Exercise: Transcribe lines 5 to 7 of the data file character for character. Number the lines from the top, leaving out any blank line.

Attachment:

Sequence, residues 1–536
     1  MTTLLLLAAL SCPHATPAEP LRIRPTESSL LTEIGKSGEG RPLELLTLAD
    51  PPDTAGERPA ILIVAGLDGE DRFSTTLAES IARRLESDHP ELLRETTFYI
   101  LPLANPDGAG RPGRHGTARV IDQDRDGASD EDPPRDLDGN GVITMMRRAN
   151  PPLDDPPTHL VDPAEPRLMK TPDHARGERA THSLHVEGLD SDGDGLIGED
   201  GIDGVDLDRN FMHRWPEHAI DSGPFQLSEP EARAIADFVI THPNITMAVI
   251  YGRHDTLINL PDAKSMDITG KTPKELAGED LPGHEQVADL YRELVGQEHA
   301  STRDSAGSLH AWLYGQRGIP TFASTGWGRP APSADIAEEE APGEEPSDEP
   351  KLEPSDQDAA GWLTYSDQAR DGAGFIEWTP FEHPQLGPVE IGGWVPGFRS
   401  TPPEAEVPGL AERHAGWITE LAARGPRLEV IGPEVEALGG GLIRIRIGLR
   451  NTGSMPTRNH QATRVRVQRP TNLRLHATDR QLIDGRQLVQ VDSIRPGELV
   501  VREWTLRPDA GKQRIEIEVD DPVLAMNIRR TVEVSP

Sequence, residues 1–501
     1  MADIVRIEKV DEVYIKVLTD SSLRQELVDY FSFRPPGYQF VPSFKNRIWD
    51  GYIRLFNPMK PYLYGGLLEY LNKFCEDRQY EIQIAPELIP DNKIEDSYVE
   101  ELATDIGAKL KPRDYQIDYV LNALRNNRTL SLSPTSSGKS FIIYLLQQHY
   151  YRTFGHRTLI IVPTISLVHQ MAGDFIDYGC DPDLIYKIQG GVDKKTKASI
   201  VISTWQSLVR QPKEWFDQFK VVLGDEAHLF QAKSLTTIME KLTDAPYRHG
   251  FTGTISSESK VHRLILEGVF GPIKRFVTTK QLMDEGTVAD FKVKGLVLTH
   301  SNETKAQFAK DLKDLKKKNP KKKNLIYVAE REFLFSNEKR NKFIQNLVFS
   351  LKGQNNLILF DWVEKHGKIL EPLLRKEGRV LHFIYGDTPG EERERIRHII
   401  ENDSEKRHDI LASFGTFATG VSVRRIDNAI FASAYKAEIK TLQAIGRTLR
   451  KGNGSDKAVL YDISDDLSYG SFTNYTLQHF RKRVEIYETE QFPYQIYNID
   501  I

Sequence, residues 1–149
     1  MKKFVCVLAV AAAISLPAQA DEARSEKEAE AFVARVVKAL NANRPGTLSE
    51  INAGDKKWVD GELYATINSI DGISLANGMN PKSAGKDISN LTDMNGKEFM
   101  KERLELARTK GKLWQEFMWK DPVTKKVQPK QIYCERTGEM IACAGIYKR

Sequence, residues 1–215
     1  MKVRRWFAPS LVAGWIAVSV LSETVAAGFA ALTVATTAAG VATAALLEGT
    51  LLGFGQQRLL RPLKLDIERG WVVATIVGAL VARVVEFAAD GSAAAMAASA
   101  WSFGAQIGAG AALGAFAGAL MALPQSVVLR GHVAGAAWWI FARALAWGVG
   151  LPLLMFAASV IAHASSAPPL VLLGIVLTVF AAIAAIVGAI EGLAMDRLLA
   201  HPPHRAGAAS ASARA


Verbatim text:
   151  PPLDDPPTHL VDPAEPRLMK TPDHARGERA THSLHVEGLD SDGDGLIGED
   201  GIDGVDLDRN FMHRWPEHAI DSGPFQLSEP EARAIADFVI THPNITMAVI
   251  YGRHDTLINL PDAKSMDITG KTPKELAGED LPGHEQVADL YRELVGQEHA